Sometimes natural plant shading won’t work and you’d have to bring in the big guns. That’s where shade paints and shade cloths come into play.
Shade Paint (Shade Compound)
Whitewash or shade paint is a paint-like substance used for keeping the temperature down in greenhouses. The higher the concentration of the compound, the better shading you’ll get.
- Shade paints are an inexpensive way to cool down greenhouses with high humidity.
- Remember to apply the paint when it’s morning or afternoon.
- Avoid applying if you feel like it’ll rain. The paint needs 12 to 24 hours of drying time.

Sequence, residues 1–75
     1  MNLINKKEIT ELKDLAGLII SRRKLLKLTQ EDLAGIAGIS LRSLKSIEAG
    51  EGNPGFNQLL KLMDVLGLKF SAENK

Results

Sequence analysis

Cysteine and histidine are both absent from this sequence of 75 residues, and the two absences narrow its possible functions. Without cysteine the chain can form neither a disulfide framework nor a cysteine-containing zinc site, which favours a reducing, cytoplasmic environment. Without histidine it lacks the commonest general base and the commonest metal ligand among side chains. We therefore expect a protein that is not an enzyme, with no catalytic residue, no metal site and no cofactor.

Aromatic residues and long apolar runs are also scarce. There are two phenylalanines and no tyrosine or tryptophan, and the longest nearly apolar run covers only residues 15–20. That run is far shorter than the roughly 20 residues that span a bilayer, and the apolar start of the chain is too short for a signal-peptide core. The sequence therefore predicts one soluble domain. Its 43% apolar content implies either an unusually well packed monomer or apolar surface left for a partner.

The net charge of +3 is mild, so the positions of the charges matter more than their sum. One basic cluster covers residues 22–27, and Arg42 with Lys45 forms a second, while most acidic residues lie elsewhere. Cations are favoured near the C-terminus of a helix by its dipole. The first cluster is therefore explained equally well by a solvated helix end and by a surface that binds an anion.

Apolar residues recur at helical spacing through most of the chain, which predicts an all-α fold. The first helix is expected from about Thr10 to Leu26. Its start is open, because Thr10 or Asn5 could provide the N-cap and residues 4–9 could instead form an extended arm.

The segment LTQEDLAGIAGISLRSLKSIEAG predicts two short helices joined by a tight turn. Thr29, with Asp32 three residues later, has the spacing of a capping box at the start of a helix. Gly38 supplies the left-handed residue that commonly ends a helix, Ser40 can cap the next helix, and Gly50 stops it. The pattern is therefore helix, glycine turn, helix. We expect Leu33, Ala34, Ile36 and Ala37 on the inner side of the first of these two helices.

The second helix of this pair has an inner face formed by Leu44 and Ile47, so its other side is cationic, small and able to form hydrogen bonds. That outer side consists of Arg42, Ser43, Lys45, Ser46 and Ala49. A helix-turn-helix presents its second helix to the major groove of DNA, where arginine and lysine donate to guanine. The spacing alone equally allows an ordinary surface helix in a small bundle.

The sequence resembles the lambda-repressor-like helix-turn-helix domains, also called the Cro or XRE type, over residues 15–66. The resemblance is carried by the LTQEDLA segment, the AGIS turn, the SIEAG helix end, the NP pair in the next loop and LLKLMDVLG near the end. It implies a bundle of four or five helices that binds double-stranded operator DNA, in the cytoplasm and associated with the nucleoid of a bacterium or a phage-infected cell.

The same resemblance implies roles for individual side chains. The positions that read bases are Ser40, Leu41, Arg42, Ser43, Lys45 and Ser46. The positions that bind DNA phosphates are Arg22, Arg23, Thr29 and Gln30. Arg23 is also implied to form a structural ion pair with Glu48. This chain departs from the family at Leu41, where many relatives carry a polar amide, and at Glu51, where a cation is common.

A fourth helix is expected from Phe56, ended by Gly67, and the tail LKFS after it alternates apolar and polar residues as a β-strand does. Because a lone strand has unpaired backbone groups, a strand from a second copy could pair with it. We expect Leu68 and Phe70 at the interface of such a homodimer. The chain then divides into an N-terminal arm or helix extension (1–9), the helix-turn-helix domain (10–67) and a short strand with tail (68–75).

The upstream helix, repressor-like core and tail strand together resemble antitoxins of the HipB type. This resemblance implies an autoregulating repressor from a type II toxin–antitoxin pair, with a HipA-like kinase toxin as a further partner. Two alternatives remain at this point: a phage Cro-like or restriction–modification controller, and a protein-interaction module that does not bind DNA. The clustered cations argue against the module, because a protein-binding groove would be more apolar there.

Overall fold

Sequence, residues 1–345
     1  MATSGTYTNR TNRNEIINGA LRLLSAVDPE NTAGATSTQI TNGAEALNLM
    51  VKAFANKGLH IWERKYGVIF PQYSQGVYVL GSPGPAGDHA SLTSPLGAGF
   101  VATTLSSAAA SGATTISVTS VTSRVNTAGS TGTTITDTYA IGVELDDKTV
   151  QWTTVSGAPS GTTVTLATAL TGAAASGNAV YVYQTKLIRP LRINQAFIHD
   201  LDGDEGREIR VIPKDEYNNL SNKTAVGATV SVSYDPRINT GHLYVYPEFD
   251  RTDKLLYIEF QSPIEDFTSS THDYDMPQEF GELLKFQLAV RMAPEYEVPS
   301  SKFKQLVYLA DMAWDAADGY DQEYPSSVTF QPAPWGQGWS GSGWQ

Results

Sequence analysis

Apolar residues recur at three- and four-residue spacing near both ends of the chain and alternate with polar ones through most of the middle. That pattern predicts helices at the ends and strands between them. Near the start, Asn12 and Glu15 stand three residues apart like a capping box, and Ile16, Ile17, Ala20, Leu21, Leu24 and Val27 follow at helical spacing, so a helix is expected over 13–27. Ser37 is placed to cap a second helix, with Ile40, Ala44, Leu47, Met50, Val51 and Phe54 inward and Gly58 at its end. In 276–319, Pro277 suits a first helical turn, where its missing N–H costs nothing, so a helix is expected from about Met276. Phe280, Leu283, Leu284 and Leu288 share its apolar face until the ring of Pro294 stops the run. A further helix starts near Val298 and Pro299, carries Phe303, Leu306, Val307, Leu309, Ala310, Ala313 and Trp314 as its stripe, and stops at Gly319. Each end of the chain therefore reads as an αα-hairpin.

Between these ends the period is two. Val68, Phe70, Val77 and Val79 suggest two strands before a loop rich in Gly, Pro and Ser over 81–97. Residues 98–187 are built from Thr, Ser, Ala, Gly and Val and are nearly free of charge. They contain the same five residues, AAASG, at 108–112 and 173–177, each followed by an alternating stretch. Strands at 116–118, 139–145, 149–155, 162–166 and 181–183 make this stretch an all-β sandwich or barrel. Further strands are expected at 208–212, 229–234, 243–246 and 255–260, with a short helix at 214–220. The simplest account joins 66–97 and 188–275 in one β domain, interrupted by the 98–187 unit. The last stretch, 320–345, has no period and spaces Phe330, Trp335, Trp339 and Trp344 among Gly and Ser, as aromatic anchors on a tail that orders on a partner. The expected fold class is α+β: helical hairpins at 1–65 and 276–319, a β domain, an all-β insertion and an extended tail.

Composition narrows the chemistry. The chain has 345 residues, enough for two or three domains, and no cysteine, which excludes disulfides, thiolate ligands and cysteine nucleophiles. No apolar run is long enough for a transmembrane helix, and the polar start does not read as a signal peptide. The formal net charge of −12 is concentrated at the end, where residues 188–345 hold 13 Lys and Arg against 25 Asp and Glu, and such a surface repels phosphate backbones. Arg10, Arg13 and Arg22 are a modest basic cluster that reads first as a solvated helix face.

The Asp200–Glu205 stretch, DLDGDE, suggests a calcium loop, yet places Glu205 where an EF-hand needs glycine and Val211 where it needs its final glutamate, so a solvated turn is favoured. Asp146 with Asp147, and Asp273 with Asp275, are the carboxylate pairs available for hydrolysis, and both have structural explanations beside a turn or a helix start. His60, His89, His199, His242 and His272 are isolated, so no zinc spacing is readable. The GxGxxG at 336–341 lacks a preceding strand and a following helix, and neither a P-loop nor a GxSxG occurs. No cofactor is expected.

If you ask me, shade cloths are much better as you have full control over how you want to use them. Although the effectiveness depends on the material you use.
Some people stick to aluminized polyester which reflects sunlight to the max. On the other hand, there are options like polycarbonate coverings. These aren’t as reflective but you do need a bit of sunlight, don’t you?
That said, figure out what you need and go for that material. Although polycarbonate coverings are more popular among greenhouse owners.
Evaporative Cooling Wall
Evaporative cooling walls are neither expensive nor cheap. But there’s no doubt about their effectiveness. The water they evaporate can bring down the temperature by 10 to 20 degrees. Although they work best when the relative humidity stays low.
There are different sizes available. So, figure out what size you need. Just remember that every square foot of pad will cool down 20 sq ft of foot area.